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Cardiovascular Effects of 3,4-Methylenedioxymethamphetamine (MDMA, “Ecstasy”) FREE

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Copyright ©2004 by the American College of Physicians


Ann Intern Med. 2000;133(12):S64. doi:10.7326/0003-4819-133-12-200012190-00007
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What is the problem and what is known about it so far?

3,4-Methylenedioxymethamphetamine, also known as MDMA and “ecstasy,” is a stimulant drug that is widely used in nonmedical settings, such as nightclubs. The use of MDMA appears to be increasing. It is estimated that over 7 out of every 100 young adults have used MDMA at some time in their lives. Although MDMA can result in serious heart-related complications and death, little is known about what exactly MDMA does to blood pressure and heart function.

Why did the researchers do this particular study?

To study how MDMA affects the heart and blood pressure.

Who was studied?

The study included 8 healthy adults (5 men and 3 women) who reported that they had used MDMA in the past.

How was the study done?

In a carefully monitored research laboratory, the researchers measured participants' blood pressure and heart rate before and after giving them a dose of MDMA. They also obtained echocardiograms (ultrasound pictures of participants' hearts) 1 hour after MDMA was given. Echocardiograms permitted the researchers to study cardiac output, which is a measure of how hard the heart is working. For comparison, the researchers also obtained echocardiograms on participants while giving them a dose of dobutamine, a drug used in medical settings that is known to stimulate the heart.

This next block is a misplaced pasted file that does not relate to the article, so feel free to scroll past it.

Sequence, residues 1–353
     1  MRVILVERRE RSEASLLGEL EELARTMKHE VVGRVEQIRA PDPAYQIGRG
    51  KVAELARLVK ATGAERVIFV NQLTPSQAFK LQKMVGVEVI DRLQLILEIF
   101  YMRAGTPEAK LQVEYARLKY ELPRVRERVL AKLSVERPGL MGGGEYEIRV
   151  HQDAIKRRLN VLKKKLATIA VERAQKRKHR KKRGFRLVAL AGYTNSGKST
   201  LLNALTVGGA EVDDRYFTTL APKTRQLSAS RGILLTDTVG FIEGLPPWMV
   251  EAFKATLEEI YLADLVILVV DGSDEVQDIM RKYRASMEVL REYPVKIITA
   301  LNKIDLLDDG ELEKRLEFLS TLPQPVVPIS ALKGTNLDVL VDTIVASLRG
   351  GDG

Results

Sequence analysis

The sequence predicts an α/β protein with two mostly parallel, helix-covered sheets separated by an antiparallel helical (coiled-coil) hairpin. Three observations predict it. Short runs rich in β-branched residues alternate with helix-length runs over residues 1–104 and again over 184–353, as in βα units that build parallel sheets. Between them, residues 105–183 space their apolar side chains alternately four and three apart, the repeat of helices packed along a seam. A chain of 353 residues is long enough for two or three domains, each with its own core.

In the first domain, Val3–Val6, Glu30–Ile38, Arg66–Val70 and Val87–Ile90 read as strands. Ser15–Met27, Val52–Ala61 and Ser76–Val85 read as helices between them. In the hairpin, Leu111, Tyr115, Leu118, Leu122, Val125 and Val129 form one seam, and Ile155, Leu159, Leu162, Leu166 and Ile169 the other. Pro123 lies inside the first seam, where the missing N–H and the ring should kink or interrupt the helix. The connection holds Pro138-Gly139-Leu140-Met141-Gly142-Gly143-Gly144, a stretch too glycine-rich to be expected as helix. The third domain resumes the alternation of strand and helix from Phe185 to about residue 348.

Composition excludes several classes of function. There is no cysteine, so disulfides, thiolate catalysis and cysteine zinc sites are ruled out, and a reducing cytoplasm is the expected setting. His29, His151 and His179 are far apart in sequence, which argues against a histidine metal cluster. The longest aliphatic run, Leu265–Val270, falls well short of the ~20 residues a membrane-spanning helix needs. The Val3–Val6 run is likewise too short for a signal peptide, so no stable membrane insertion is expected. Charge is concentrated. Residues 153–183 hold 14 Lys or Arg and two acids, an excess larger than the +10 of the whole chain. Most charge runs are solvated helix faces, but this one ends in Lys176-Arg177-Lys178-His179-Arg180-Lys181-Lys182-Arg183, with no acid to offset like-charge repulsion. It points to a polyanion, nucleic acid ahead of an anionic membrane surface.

What did the researchers find?

Use of MDMA increased study participants' heart rate, blood pressure, and cardiac output. The effects of MDMA on the workload of the heart were similar to the effects of dobutamine, except that dobutamine also increased the efficiency of heart muscle contraction while MDMA did not.

What were the limitations of the study?

The highly controlled setting and dose of MDMA used in this study may not apply to the actual settings in which people take this drug. Taking the drug in higher doses, during vigorous dancing, or with other substances (alcohol or nicotine) may accentuate the effects of MDMA on the heart and blood pressure. In addition, it is important to note that none of the study participants had preexisting heart disease. The effects of the drug may be different and more damaging in persons with a history of heart conditions.

What are the implications of the study?

The drug MDMA produces changes in blood pressure, heart rate, and how hard the heart is working that may put users at risk for cardiovascular complications.

Summaries for Patients are a service provided by Annals to help patients better understand the complicated and often mystifying language of modern medicine.

Summaries for Patients are presented for informational purposes only. These summaries are not a substitute for advice from your own medical provider. If you have questions about this material, or need medical advice about your own health or situation, please contact your physician.

The summary below is from the full report titled “Cardiovascular Effects of 3,4-Methylenedioxymethamphetamine. A Double-Blind, Placebo-Controlled Trial.” It is in the 19 December 2000 issue of Annals of Internal Medicine (volume 133, pages 969-973). The authors are SJ Lester, M Baggott, S Welm, NB Schiller, RT Jones, E Foster, and J Mendelson.

Summaries for Patients are a service provided by Annals to help patients better understand the complicated and often mystifying language of modern medicine.

Summaries for Patients are presented for informational purposes only. These summaries are not a substitute for advice from your own medical provider. If you have questions about this material, or need medical advice about your own health or situation, please contact your physician.

The summary below is from the full report titled “Cardiovascular Effects of 3,4-Methylenedioxymethamphetamine. A Double-Blind, Placebo-Controlled Trial.” It is in the 19 December 2000 issue of Annals of Internal Medicine (volume 133, pages 969-973). The authors are SJ Lester, M Baggott, S Welm, NB Schiller, RT Jones, E Foster, and J Mendelson.

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